What if you combined Amazon Prime with a 1950s milkman and Target’s democratic design?
That pitch might make the judges on Shark Tank scratch their heads, but it’s the exact premise of a grocery delivery service that will debut in the Northeast next month, with potentially revolutionary implications for sustainability and the environment.
On May 21, Loop will launch a “circular shopping platform” at loopstore.com. It will stock hundreds of familiar branded products — including condiments, ice cream and personal-care items — in durable, reusable packaging instead of single-use bottles, boxes and cans. Customers subscribe to the service and place orders that arrive via UPS; after the products are used up, Loop circles back to pick up the empties at no charge, then cleans and sanitizes them for reuse. Replenishments are automatically delivered.
It’s the brainstorm of TerraCycle, a company founded in 2001 to recycle previously unrecyclable materials. The overarching concept is the circular economy: Instead of “make and dispose,” the goal is “reuse and eliminate.” Materials are used for as long as possible, then recycled or reused, with the goal of creating zero waste.
“It’s funny: Most of the things we buy, we don’t really want to,” says TerraCycle CEO Tom Szaky. “When you go to say Starbucks and you buy a cup of coffee, you buy the coffee, but the cup is also in the price, and you own the cup. But do you really want to own it in the end? If we change ownership — instead of having the consumer own the package, the manufacturer owns it — the manufacturer is motivated to move away from making a product as cheap as possible to making it as durable as possible.”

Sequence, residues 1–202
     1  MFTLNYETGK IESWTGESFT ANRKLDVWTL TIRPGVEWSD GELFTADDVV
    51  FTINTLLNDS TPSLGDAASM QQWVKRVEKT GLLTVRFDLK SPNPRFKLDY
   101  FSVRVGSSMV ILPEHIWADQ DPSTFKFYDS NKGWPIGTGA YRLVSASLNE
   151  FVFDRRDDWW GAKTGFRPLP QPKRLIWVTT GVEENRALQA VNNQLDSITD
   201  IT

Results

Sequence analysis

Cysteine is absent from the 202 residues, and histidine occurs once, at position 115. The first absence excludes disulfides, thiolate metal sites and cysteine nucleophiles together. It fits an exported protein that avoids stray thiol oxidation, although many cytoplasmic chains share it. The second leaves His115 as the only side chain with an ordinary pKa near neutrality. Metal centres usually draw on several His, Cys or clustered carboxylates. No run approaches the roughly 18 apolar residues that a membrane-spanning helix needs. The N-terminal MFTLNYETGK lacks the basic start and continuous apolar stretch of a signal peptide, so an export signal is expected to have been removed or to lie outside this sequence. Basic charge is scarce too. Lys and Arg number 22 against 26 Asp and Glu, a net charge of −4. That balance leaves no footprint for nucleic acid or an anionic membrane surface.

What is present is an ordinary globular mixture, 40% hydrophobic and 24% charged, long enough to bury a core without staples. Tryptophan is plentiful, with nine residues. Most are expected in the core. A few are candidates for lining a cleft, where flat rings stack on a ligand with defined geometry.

To kick off the service, Loop partnered with some of the world’s biggest manufacturers of grocery items, including Proctor & Gamble, Nestlé and Unilever. Brands available at launch will include Pantene, Tide, Crest, Gillette, Pampers, Always, Dove, Seventh Generation and Hellmann’s. The reusable containers are made from innovative polymers and metals that are stylish and functional: Häagen-Dazs ice cream arrives in a stainless steel, double-walled container that’s warm to the touch but frozen inside; Axe deodorant comes in a container that looks designed by Apple. “The design level is a whole new departure from anything in disposable,” says Szaky. “Durability enables reuse, but it also enables amazing materials that can be leveraged in beautiful designs.”
But what if consumers don’t want to pay for that premium? “That’s crucial. For scale, we need not just the big brands and big retailers, but affordable pricing,” says Szaky. “The goal with all the products is to cost about the same as what you normally pay.” A small deposit will be charged for the containers; it’s fully refunded when they’re returned.
“We need Loop to be affordable for it to really change the world,” says Szaky. “Even middle income and rich people don’t want to pay a premium if they don’t have to. This is about more than just the circular economy. It is the circular economy at its heart, but it’s also about the future of how we consume.”